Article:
FastFleet by Zipcar
(5/6/09) Washington D.C. first to optimize fleet programs allowing managers to eliminate cars, save money and reduce emissions
PRNewswire — Zipcar today announced FastFleet by Zipcar, a new service that enables government and other fleet managers to save money, reduce risk and promote sustainability. With FastFleet, for the first time, fleet operators may leverage the same technology that powers Zipcar’s consumer fleet. Washington, D.C., which is the first city in the country to adopt the system, estimates it has saved more than $300,000 during a four month pilot of FastFleet. As expansion plans are underway, the District of Columbia estimates it will save more than $1 million in the first 12 months.
“I believe that technology can be used to create efficiency and save taxpayer money,” said Washington D.C. Mayor Adrian M. Fenty. “FastFleet has allowed us to better optimize our fleet and we will continue to evaluate our existing fleet and look for additional cost saving opportunities.”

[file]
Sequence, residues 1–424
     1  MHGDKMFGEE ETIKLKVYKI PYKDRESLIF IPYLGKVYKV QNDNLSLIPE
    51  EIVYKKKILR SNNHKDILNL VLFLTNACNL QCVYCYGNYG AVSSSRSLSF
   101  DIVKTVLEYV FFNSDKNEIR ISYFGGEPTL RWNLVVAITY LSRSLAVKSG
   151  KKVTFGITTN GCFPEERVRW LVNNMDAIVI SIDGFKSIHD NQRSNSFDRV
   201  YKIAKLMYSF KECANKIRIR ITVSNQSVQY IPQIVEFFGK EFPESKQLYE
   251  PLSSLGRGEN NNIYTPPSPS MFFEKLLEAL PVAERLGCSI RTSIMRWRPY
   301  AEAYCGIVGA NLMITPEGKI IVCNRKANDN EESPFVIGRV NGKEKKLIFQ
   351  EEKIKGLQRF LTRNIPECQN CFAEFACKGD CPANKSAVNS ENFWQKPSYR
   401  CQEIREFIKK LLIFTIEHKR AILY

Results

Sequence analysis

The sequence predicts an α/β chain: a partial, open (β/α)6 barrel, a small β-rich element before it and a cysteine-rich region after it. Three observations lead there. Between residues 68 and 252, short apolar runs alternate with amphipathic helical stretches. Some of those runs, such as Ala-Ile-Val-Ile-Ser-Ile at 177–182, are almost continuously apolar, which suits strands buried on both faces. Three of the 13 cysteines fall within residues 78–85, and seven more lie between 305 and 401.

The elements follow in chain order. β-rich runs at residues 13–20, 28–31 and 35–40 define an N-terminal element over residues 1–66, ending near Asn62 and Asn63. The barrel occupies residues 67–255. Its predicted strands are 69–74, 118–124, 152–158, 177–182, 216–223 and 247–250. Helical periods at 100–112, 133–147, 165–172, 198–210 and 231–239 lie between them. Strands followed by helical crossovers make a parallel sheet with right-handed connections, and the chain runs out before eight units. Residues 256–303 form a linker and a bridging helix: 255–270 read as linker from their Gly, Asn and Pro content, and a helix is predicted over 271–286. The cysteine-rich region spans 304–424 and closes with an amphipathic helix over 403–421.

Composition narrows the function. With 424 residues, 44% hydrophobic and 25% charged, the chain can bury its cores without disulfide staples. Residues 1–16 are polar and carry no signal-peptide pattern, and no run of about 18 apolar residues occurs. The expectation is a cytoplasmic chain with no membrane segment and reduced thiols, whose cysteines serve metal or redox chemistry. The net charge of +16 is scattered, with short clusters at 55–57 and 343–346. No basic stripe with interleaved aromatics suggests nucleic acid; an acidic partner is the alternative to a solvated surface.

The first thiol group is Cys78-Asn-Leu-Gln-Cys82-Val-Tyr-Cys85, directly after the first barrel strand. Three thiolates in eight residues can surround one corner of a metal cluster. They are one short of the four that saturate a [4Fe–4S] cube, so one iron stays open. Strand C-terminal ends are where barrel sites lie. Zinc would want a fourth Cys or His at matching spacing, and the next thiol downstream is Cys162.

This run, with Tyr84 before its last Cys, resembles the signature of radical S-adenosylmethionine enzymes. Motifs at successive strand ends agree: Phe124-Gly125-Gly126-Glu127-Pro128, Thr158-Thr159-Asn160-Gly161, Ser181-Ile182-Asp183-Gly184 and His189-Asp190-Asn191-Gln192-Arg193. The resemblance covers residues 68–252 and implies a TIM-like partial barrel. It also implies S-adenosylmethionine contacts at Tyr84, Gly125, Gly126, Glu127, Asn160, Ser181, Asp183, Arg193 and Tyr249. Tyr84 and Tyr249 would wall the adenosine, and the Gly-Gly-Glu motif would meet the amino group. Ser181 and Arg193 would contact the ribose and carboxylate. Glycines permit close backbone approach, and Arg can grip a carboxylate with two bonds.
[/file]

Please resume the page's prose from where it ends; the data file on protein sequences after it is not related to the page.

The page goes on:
Nationally, approximately 4 million vehicles currently are deployed across thousands of fleets within local, state and federal governments. Typically, fleets are sized to meet peak demand, which means on a daily basis thousands of these cars and trucks sit idle. FastFleet’s smart, secure vehicle access enables fleet administrators to easily transition from inefficient, dedicated vehicles, to high efficiency shared vehicles with no reduction in availability for drivers. Additionally, FastFleet-equipped vehicles can be located in a distributed network of locations, instead of a centralized “depot”. Employees use an intuitive reservation system over the web, phone or mobile device, to select and reserve vehicles. A swipe of a wallet size access card unlocks the doors of a reserved vehicle, courtesy of an integrated card reader mounted under the windshield.